En EspaŅol
Share

Ask Mr. Smarty Plants

Mr. Smarty Plants - Cultivation of Gossypium hirsutum, Upland Cotton

Ask Mr. Smarty Plants is a free service provided by the staff and volunteers at the Lady Bird Johnson Wildflower Center.

Search Smarty Plants
    
 
See a list of all Smarty Plants questions
Can't find the answer in our existing FAQs, submit a question to Mr. Smarty Plants.

Need help with plant identification, visit the plant identification page.
 
rate this answer
Not Yet Rated

Wednesday - February 08, 2006

From: Torrance, CA
Region: California
Topic: Propagation
Title: Cultivation of Gossypium hirsutum, Upland Cotton
Answered by: Nan Hampton

QUESTION:

I got a cotton boll (seeds and all) at a spinning workshop. I spun the cotton and the lady who brought the cotton boles said the seeds could be planted and the plant could be grown in a container on the porch (I live a suburban town in Los Angeles county in California). How big of a planter should I use? What kind of soil mix should I get from the garden center? When should I plant the seed? How often does it need watering?

ANSWER:

Gossypium hirsutum, Upland Cotton, a member of the Family Malvaceae (Mallow Family) is a successful commercial crop in the San Joaquin Vallely of California. It requires a a long, hot growing season and lots of sunshine to be successful. Cotton is planted in the San Joaquin Valley in mid-April/early May and harvested in late September or early October. You could start the seeds in small containers and transfer them to larger pots (~ 5 gallons) once they have sprouted. The University of Oklahoma Department of Botany & Microbiology grows cotton in the greenhouse in a soil mixture of equal parts sand and loam. The plants should be well-watered, but allowed to dry between waterings. Gardens Alive! has a useful article on growing ornamental cotton.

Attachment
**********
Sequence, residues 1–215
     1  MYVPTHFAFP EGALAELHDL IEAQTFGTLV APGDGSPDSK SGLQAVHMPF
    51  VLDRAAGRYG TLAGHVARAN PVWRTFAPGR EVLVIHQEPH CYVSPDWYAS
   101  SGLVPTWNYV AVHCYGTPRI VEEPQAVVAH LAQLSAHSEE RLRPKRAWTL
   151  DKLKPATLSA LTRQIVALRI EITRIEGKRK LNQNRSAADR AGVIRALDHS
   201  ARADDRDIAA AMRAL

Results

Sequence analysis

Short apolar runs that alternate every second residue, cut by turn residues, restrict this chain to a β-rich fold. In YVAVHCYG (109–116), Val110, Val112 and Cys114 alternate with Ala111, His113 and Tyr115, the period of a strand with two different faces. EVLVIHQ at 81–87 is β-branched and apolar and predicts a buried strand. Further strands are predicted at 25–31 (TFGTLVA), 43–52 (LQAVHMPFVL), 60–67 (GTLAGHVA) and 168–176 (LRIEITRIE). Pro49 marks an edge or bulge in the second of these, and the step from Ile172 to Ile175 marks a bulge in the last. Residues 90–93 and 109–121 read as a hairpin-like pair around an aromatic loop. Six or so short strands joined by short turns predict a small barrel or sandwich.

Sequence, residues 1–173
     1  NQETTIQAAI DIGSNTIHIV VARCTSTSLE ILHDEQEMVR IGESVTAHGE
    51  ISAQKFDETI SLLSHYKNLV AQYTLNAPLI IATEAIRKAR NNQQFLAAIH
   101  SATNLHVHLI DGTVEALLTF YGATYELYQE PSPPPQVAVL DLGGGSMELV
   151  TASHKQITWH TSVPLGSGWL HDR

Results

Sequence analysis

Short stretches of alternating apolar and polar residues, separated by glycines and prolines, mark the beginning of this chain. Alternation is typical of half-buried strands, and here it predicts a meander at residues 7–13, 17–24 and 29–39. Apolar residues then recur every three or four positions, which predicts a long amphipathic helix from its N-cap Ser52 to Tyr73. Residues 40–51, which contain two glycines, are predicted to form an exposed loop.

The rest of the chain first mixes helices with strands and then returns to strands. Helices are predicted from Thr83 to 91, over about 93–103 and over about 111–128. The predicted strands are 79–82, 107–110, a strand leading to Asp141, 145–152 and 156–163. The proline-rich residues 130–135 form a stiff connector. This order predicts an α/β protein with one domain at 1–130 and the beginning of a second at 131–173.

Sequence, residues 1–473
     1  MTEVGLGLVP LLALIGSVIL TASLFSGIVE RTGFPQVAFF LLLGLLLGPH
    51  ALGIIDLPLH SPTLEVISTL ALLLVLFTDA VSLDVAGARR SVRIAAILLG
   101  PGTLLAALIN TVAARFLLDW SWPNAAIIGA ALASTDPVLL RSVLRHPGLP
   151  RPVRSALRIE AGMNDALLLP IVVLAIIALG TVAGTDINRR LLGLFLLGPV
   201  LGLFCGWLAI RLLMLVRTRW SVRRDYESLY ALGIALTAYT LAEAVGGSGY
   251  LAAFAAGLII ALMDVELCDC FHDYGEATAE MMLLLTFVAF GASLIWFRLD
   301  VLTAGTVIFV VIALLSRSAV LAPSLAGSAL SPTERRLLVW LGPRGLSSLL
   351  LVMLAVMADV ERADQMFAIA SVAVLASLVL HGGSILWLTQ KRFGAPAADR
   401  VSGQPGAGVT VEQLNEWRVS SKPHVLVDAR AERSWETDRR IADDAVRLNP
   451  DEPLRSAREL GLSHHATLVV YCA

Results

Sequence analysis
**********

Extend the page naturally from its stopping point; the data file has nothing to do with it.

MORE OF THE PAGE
In some states where cotton is grown as a cash crop, such as Georgia, it is against the law to grow ornamental cotton because of the boll weevil threat. It would be wise to contact the California Department of Food and Agriculture to determine if there are regulations concerning ornamental cotton in California.

For everything you ever wanted to know about Cotton Growth and Development, you can read the article from The University of Georgia College of Agricultural and Environmental Sciences Cooperative Extension Service.
 

More Propagation Questions

Digging wild buttercup from roadside in Mechanicsville MD
May 28, 2012 - Mr. Smarty Plants, is it illegal to dig out wild buttercup in Maryland? I see them along the dirt road or just in the ditch. Since buttercup considered weed, I'm wondering what the law say about this...
view the full question and answer

Propagating Silky Sophora by seed from Elmendorf TX
July 24, 2013 - I have some seed for the Sophora nutalliana. What is the best way to germinate this seed?
view the full question and answer

Germination of Passiflora suberosa in Monterrey Mexico
October 26, 2009 - Hello, I need recommendation on how to germinate Passiflora seeds. I have a Passiflora suberosa plant, not on your database but native, and have fresh fuits of it. They look very much like a blueber...
view the full question and answer

Transplanting Mexican bonebract in Floresville, TX
November 12, 2008 - My kids and I finally identified a small plant that we found growing in our pasture. There was only one and it is lovely. It is the Mexican Bonebract. What I am interested in finding out is how to tra...
view the full question and answer

Restoring the woods in Central Austin.
May 08, 2012 - I live in Austin, south central between Red Bud trail close to the low water bridge and Bee Caves road. My question: I want to make the wooded sections of my yard attractive. They have filtered sun...
view the full question and answer

Smarty Plants's Facebook profile Support the Wildflower Center by Donating Online or Becoming a Member today.

Mr. Smarty Plants wants you to be his Facebook friend. Click the Facebook icon to add yourself to Mr. Smarty Plants list of friends.
E-NEWSLETTER | BECOME A MEMBER | DONATE NOW | MEDIA | SITEMAP
© 2014 Lady Bird Johnson Wildflower Center